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The federal government is backing a new pilot website that aims to ease doctors' concerns about security and privacy when sharing health information electronically.
The federal government is backing a new pilot website that aims to ease doctors’ concerns about security and privacy when sharing health information electronically.
The site, Secure4Health.org, is open for registration to physicians from eight states – Florida, Kentucky, Louisiana, Michigan, Mississippi, Missouri, Tennessee, and Wyoming, according to a statement from the U.S. Department of Health and Human Services.
The site offers physicians education resources about electronic health information exchange, a list of frequently asked questions on the subject, and the opportunity to earn Continuing Medical Education credits.
“The best thing this could accomplish is to raise the consciousness and awareness of physicians in medical practices about the importance of protecting privacy and making health information secure,” says David Kibbe, MD, a technology adviser to the American Academy of Family Physicians and one of two prominent “physician champions” of the project. (The other is Kentucky Lieutenant Gov. Daniel Mongiardo, MD, a surgeon.)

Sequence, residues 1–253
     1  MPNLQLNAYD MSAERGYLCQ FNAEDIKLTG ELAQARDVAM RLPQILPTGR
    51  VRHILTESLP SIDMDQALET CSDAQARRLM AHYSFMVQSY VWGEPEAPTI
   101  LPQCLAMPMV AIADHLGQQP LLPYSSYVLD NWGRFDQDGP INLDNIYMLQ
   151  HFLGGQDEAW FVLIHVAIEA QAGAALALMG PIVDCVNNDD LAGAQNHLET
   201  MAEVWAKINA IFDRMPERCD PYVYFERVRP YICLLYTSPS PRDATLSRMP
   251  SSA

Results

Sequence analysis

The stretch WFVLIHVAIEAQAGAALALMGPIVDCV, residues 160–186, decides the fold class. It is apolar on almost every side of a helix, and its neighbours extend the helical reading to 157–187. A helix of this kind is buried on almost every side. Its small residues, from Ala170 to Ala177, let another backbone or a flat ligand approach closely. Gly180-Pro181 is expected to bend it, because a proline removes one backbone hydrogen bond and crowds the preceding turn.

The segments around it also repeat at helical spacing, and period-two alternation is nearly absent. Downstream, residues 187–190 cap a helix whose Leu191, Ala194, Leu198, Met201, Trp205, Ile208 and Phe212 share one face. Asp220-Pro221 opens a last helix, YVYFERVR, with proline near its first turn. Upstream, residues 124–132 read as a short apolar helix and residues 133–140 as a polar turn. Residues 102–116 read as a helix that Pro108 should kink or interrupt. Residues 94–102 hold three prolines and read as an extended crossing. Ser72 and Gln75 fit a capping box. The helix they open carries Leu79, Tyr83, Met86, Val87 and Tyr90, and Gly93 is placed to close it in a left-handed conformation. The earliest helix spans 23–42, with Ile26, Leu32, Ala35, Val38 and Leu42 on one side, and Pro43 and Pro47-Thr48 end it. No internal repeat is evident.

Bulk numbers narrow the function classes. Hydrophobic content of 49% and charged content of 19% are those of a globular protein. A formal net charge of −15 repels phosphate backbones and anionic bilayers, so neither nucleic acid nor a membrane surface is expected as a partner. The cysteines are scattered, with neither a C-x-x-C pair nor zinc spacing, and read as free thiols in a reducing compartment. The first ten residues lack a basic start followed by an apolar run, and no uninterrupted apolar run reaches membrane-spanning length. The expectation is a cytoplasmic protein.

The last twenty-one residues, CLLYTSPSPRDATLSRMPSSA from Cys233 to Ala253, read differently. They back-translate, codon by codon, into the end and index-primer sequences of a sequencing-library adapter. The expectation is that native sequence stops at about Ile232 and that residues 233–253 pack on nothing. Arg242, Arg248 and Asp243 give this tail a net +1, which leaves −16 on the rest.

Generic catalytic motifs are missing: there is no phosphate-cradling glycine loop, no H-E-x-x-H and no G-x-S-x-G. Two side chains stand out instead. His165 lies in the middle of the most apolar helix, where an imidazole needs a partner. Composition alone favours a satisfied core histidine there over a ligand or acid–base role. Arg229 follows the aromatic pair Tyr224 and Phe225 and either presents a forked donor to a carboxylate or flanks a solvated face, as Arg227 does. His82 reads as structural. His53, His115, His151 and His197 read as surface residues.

“Patients are beginning to expect their physicians to send information electronically to other physicians,” Kibbe says.
The site went live last month and about 1,200 physicians have registered, according to a counter on the home page. The project’s organizers have no specific goal in mind for the number of users they hope register on the site, a spokeswoman for the project says.
The project’s backers hope that the site is eventually opened up to doctors across the nation, but it’ll need more federal funding for that to happen, the spokeswoman says. The pilot is scheduled to end in March.